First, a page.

This is never more evident than in the expertly crafted and very crucial hospital scene. It was in that moment, much like seeing Superman, that I thought I was seeing the real Joker and Two-Face interacting for the first time. It’s scenes like this and the interrogation that skyrockets this movie high above the rest. It’s a knockdown, drag out, old fashioned western mixed with action adventure and a pinch of drama and horror.

The biggest thing that Superman: The Movie and The Dark Knight share isn’t a publisher or sales figures: it’s heart, it’s story over selling action figures. On a side note, Batman Movie Masters are awesome so come on Mattel, where are Superman: The Movie masters? These movies are what to do RIGHT, not what to do RIGHT NOW. It’s about making the story just as important as getting the costumes right. For example, in TDK, beyond the stellar performances by the villains and once again like Superman, the supporting cast is nothing to pass over. Commissioner Gordon, Alfred, Lucius Fox etc. flesh out this already complex story, giving it more and more humanity as the movie moves forward. This movie isn’t your typical CBM, take away the Batsuit and fancy toys, and you still have a man on a mission(albeit sometimes impossible), determined to try and make this world a better place. Take away the Joker make-up and you still have a psychotic criminal mastermind who truly believes that his actions AREN’T insane, that chaos really is the answer, and aims to achieve this by any means necessary.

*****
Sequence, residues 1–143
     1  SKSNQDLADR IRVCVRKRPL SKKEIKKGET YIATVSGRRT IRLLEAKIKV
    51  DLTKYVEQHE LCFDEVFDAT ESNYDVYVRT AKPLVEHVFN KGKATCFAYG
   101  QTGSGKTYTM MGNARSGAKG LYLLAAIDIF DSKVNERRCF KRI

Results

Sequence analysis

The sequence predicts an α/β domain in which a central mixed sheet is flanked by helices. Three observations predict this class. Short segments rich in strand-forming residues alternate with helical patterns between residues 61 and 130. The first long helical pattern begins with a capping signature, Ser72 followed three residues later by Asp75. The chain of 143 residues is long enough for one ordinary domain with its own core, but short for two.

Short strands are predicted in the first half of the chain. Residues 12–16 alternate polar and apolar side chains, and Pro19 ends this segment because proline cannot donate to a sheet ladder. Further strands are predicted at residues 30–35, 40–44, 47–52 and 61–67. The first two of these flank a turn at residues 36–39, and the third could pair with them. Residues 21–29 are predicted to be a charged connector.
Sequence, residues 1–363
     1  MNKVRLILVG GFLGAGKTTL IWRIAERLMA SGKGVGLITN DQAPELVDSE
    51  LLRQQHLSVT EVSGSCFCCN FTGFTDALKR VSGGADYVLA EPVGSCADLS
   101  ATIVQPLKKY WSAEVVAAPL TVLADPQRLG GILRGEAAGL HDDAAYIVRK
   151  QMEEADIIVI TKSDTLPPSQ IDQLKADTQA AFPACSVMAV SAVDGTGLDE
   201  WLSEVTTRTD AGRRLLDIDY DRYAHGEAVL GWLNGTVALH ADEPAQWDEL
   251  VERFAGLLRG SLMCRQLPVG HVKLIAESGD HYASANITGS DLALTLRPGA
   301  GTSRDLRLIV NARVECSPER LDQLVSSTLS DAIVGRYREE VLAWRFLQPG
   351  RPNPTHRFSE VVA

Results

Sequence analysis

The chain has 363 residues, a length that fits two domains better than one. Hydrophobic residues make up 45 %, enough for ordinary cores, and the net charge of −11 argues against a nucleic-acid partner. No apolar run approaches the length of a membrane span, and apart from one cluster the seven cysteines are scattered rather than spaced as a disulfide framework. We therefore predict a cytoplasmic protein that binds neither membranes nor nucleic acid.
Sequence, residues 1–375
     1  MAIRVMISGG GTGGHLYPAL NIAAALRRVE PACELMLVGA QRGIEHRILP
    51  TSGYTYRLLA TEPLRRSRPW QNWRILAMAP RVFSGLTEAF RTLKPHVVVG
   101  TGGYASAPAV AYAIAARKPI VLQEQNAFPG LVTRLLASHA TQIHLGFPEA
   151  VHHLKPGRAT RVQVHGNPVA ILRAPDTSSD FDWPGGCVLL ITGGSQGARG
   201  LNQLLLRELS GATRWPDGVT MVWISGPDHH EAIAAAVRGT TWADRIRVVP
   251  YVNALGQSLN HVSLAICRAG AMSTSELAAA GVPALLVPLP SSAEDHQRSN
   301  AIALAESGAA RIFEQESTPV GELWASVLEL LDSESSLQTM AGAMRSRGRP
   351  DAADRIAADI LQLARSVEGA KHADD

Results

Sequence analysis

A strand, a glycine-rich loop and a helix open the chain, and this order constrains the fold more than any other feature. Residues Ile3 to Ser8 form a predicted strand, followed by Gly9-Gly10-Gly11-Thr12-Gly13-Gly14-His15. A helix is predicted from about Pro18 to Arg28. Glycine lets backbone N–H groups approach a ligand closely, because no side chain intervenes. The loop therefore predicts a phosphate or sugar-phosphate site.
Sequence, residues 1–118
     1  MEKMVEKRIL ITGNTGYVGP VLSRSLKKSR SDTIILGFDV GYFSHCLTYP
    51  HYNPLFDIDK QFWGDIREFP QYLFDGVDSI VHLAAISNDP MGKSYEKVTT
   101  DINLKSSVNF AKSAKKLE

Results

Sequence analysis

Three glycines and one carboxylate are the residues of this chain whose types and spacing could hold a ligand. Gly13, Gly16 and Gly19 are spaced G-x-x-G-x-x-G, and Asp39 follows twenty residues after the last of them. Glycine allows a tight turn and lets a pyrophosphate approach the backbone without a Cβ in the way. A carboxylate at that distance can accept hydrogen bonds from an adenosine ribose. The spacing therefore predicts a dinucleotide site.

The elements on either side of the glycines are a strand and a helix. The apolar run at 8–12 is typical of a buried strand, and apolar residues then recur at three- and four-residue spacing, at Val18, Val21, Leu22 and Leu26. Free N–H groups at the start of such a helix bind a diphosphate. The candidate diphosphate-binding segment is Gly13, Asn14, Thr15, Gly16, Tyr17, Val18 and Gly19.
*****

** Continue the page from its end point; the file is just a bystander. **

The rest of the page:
Hopefully other filmmakers are paying attention to what Richard Donner and Christopher Nolan have achieved in trying to give us CBMs that rival if not surpass those Oscar winners that don’t wear costumes. People said that Christopher Reeve didn’t look the part because he wasn’t a big muscular threat, but being Superman isn’t about muscles. Take a look at what Frank Quitely did with Clark Kent and his alter ego in the Grant Morrison written All Star Superman. It is a direct nod to what Christopher Reeve showcased in the 1978 powerhouse. Christopher Reeve (RIP) IS Superman, just like Christian Bale IS Batman, even though I agree the voice needs some work. A simple scaling back of the growl in the editing would have sufficed. Those are both roles requiring a portrayal of dual characters, one more complex than the next.

So, with Green Lantern hitting theaters in 2011, the Joss Whedon helmed Avengers in 2012 (come on Marvel, bring back Edward Norton!), Batman completing his trilogy in 2012, Superman returning to the screen in The Man of Steel with Christopher Nolan (coincidence?) attached, we might soon be adding more names high up on the list.

So what does everyone think, is it a tie for the number one spot? I think so.What do you think?

For the full Christopher Nolan interview click on the link below